I was not there. I did not know him. But I've crawled
inside his skin a thousand times, and agonized over his demise.
I conducted informal interviews and acquired
military historical files. Authors of the reports that I read had not
communicated with each other. Their information had
existed for three decades as isolated strands of data. I was the first person to
benefit from their collective knowledge.
Over a period of several months, a moving picture of who I thought he was began to
play in my head. As I learned of his life
experiences, the images evolved and became clearer. I came to greatly admire
this fallen stranger.
After death, this soldier was moved from battlefield to final resting place with
dignity and respect. Many contributed to his return,
and their contributions are documented, but no one person was
present at each segment of this articulated process. Repeatedly
and obsessively, I thought about the end,
his end, and the journey that followed. I thought
about it from the perspective of a single person who was
present throughout it all. But who? No living
person could tell this story from personal experience.
Most people would argue that fiction has no place in a biographical
work. While I would normally tend to agree, I felt that an exception was in order
here. "The End" holds out the hope that life continues
death. It tries to convey what each of us might wish we
could say, if given one last chance, after our earthly voices have been
forever silenced. Though I felt it was a story that needed to be
told, for many months I shared it with no
one. I worried that it
would bring pain to those who have already endured so much. It
wasn't until after I shared it, that I learned of the closure that the
factual aspects provided for some.
describes the journey as his soul might have observed it, as spectator, from a
nearby plane of post-earthly existence. The journey began at 3:20
on the afternoon of
October 16, 1970.
Stephen A. Judycki
January 19, 2003
Table of Contents
I no longer feel the warmth of day on my skin, nor do I feel any
pain from my wounds. Though it continues, I cannot hear the sounds
of exploding grenades and automatic weapons fire. I no longer smell
the pungent aroma from the meal that was prepared only minutes before.
My sergeant, SFC John T. Ropple, is preparing me for
extraction. Actually, he is preparing my body for extraction.
He and several Regional Forces soldiers pick up my body from where it lay,
and they carry it to a clearing about 300 yards from the ambush
site. I only weigh 150 pounds, but they struggle and strain because
they are very tired. I want to help them, but I cannot. They
reach the clearing and set me down. John radios a request for a
support helicopter. The helicopter approaches. As John pops
smoke to mark the landing zone, the Viet Cong open fire. The same
Viet Cong who ambushed us have pursued them to the landing
zone. John waves off the
helicopter because the LZ is too hot. A short time later, two
helicopter gunships arrive and lay down some suppressing fire, enabling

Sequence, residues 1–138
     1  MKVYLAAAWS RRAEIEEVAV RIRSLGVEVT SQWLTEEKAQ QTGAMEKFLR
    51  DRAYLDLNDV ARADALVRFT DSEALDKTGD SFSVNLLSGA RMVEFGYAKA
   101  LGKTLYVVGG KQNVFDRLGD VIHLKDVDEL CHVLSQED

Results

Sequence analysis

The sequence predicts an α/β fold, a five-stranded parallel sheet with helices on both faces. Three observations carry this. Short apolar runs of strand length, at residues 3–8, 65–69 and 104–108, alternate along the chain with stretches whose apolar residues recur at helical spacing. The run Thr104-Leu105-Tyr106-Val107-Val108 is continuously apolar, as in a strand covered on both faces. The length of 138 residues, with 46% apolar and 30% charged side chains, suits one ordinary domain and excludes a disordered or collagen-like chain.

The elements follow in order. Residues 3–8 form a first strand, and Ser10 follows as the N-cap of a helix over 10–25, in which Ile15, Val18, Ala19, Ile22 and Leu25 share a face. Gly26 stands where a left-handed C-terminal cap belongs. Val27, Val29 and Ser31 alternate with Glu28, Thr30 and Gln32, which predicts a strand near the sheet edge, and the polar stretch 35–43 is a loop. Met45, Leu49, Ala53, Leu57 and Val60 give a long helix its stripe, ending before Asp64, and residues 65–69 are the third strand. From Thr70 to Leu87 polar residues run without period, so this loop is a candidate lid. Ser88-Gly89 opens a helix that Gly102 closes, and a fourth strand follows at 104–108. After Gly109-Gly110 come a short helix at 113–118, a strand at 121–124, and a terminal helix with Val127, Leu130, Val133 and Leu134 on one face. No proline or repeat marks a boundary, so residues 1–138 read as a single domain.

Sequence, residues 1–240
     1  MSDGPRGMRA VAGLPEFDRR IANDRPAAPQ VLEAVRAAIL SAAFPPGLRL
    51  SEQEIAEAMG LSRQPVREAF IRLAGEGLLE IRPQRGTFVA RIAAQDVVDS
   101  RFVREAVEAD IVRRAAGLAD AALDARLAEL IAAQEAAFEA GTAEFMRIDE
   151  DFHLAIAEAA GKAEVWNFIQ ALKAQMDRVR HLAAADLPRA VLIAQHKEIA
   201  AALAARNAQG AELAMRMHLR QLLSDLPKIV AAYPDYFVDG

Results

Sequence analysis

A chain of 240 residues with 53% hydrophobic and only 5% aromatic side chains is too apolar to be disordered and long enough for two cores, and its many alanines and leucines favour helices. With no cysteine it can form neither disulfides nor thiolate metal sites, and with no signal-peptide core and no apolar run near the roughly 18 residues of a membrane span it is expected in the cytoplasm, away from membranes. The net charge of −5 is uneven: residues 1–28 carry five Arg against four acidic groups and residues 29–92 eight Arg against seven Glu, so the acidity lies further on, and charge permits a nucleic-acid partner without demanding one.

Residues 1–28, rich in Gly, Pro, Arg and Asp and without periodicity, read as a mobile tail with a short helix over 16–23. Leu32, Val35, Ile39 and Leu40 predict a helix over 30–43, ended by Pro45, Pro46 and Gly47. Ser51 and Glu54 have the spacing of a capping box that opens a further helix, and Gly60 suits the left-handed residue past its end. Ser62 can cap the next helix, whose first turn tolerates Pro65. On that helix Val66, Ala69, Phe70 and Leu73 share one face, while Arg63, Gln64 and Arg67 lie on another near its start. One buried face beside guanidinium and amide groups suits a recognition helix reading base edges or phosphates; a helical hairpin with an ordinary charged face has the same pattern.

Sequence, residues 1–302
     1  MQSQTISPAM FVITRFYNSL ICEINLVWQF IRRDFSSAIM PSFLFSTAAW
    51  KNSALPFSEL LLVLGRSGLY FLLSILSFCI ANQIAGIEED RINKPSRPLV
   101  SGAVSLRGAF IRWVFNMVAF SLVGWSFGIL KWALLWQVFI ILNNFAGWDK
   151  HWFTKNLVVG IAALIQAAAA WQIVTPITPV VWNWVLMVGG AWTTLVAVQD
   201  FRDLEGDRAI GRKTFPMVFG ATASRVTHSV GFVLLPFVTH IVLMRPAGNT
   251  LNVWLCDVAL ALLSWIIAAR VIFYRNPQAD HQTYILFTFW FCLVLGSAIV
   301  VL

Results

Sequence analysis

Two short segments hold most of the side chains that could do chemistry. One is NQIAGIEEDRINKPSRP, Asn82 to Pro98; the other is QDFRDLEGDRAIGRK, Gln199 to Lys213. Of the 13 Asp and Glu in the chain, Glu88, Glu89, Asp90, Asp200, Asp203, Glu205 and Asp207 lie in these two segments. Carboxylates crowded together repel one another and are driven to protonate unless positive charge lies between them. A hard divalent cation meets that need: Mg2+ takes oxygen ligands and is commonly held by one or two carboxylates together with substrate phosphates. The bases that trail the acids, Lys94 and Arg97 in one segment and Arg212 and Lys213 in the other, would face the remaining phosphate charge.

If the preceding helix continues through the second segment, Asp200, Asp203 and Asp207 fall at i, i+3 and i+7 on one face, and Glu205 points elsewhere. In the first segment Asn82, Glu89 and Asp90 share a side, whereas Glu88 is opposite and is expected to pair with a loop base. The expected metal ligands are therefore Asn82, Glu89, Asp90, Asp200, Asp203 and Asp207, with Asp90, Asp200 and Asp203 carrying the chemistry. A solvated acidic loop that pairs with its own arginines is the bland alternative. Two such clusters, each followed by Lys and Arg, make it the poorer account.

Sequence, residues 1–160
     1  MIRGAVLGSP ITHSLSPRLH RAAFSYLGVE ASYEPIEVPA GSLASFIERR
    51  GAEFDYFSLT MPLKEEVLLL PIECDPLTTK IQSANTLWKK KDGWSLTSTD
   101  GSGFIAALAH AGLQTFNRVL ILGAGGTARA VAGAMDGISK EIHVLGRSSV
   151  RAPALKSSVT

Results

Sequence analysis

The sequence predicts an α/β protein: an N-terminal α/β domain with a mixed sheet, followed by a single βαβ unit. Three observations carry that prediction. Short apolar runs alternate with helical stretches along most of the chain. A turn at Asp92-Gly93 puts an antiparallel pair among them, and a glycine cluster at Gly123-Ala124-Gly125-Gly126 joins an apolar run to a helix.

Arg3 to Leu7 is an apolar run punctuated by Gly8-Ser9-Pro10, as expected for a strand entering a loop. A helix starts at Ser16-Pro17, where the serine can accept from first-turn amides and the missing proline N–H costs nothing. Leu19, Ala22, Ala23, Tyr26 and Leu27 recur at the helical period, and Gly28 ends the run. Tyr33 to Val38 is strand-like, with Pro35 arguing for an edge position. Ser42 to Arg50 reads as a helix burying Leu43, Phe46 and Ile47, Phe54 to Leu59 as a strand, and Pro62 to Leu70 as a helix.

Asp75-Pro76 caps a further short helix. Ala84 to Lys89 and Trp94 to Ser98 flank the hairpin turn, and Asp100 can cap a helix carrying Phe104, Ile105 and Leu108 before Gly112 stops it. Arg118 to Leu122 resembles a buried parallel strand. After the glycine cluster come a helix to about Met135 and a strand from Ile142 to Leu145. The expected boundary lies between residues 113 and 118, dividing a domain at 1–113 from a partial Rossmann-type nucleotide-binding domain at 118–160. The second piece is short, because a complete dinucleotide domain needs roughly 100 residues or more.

the support helicopter to land. They carry my body to the
helicopter, where a crewman waits in the open doorway. He helps pull
me aboard, and the helicopter quickly takes off.
The remains of deceased U.S. military personnel in South Vietnam
were evacuated through one of 30 collection points located throughout the
country, then on to one of two in-country mortuaries. U.S. Army
Mortuary DaNang was responsible for I Corps in the north, and U.S. Army
Mortuary Saigon was responsible for II Corps, III Corps, and IV Corps in
the south. Remains were then further evacuated to a port of entry
mortuary located at Oakland, California or Dover, Delaware.
It was a short flight to the 12th Evacuation
Hospital at Cu Chi. A U.S. Army surgeon, Captain Michael Allen
Wanchick, examines my remains and pronounces my death. He notes the cause as “Missile Wound to Head” and records
the time as “1700 hours, 16 October 1970.”
I was just getting used to thinking of my former self as “a body,”
and now they are referring to it as “the remains.” Hey, there is
my sergeant! He is up on his feet, but he does not look very
good. John stayed on the ground after I left, and worked with the helicopter
gunships. He is physically and mentally
exhausted. He feels bad about what happened. He keeps telling
himself that he did everything possible to keep his lieutenant
alive. He really did do everything possible, but he does not believe
it. I want to comfort John and tell him not to worry, but I
cannot. The doctors keep him overnight for observation.
It is morning now. My remains are moved down the road to the
mortuary in Saigon. They arrive at 9:30am. This place is a
real production shop, and the workers are very busy, but they are
professional and respectful. They fingerprint me and then compare
the prints to some I had made back in June, just in case something like
this happened. They inspect my teeth and compare them to my
dental records by means of a dental chart. My remains are going to
be viewable, so I guess they want to make sure it is really me. They
also do some repair work on my wounds. The name of the gentleman doing the
work is James L. Hobgood. He’s a civilian. James came to Vietnam all the way from Oklahoma to help the
American boys on their last trip home. They are also processing a
lot of paperwork today.
It is morning again...October 18, 1970. James begins a preserving process at
8:00am. By 10:30am, the process is complete and I am ready to
go. However, the mortuary personnel have more paperwork to process, teletype
messages to send, and transportation to arrange. I learned that I
was not the only American who died in Southeast Asia on October 16,
1970. There were eight of us–seven soldiers and one marine.
I outrank all but one of them, but that is just a matter of
record. Rank did not matter before, except when it was necessary to
get a job done, and it certainly does not matter now. Moreover, to